An all-hybrid propulsion launch vehicle? Good luck.
The problem is scale. Big solids have their own problems but at least they work. Big hybrids, not so much.
Quote from: QuantumG on 05/31/2017 01:06 amThe problem is scale. Big solids have their own problems but at least they work. Big hybrids, not so much. I believe that's why Gilmour is using multiple small hybrid engines.
Gilmour Space Technologies has raised AU$5M of funding from Blackbird Ventures and 500 Startups! They aim to have first launch in 4qt 2020 of their Eris launch vehicle................
Quote from: Steven Pietrobon on 05/30/2017 04:33 amGilmour Space Technologies has raised AU$5M of funding from Blackbird Ventures and 500 Startups! They aim to have first launch in 4qt 2020 of their Eris launch vehicle................ Well.. at the rate RocketLab and Stratolaunch are progressing, if GST don't hurry up a bit, there may not be much of a market left for them to capitalise on.I wonder if Stratolaunch has the range to cross the Pacific? ;)
Even if Gilmore executes perfectly, their chances are slim in such a competitive environment.
Quote from: ChrisWilson68 on 06/01/2017 02:18 amEven if Gilmore executes perfectly, their chances are slim in such a competitive environment.IMO its a ridiculously noncompetitive environment. Everyone is years and years late entering commercial services despite big claims.
For a healthy market you want dozens of providers globally
, right now there are none.
"Threats" keep coming and going with very little actually materializing. There is loads and loads of room for any new entrant to come and actually launch a business- SpaceX is busy colonizing the universe. I'm sure they'll allocate tons of time taking care of nanosat needs. Because its somehow in their interests to crush tiny competitors ?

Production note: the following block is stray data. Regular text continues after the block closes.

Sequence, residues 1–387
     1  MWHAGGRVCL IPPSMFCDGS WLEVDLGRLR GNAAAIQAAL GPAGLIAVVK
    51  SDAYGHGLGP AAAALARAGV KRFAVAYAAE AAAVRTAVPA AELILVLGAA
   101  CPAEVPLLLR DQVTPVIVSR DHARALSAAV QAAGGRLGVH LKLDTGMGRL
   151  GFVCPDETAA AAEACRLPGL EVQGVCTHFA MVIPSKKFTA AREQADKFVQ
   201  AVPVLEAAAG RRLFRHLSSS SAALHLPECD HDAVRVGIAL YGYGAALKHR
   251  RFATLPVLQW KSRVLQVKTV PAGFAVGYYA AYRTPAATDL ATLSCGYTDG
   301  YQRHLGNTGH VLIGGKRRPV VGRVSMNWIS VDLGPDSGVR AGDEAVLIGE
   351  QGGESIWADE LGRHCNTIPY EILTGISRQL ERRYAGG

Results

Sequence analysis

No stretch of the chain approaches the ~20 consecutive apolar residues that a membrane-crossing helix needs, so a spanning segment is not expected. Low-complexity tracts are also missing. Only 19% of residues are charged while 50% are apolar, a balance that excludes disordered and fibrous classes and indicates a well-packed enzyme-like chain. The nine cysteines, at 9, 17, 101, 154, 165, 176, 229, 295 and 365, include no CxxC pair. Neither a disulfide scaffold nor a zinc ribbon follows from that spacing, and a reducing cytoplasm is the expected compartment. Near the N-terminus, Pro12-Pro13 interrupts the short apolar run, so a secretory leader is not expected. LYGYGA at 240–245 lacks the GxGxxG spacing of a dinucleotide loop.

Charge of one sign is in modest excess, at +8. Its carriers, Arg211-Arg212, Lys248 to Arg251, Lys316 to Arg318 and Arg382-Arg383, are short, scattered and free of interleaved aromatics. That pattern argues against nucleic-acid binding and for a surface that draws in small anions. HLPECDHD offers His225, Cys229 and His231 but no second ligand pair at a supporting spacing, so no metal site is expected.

- Blue Origin has not been able to fly a single paying customer payload even suborbitally. Plans on colonizing the moon- Splashy team like Firefly with all the people, tech and funds needed came and went in an eyeblink- Defense industry has botched two programs ( Super Strypi, ALASA ) in the short few years - Virgin has been achieving two things: spinning out more companies and killing people- There are a bunch of 3-4 people companies around with websites, presentations, fiberglass mockups and conference talks, that seem more in a showbusiness rather than space launch
There is absolutely zero certainty in how this space is going to shape up in the next few years. But that's more of a rant for this thread
Quote from: savuporo on 06/01/2017 02:41 amFor a healthy market you want dozens of providers globallyNot at all. There are only two providers of wide-body airliners, but the market is very healthy, with cut-throat competition.
They recently bought 10 t of HTP from Germany for $125K or $12.50/kg. They plan on making their own HTP to reduce cost.
Quote from: Steven Pietrobon on 06/05/2017 09:45 amThey recently bought 10 t of HTP from Germany for $125K or $12.50/kg. They plan on making their own HTP to reduce cost. Totally not surprising to me. The HTP plant will most likely also come from Germany. I wonder how Gilmour is related to Nammo and other European companies. Has anyone info?
Mostly funded from Singapore I think
Gilmour Space Technologies is a space startup headquartered in Queensland, Australia, with a subsidiary in Singapore. Founded in 2015, the company aims to provide low-cost access to space by developing a sounding rocket, Ariel, and an orbital launch vehicle, Eris. Both will be powered by their proprietary hybrid rocket engine and 3D-printed fuel. Gilmour Space is also developing a CubeSat for deep space missions, propelled by a smaller version of the same engine.
Michelle: We’ll start launching our sounding rockets at the end of next year.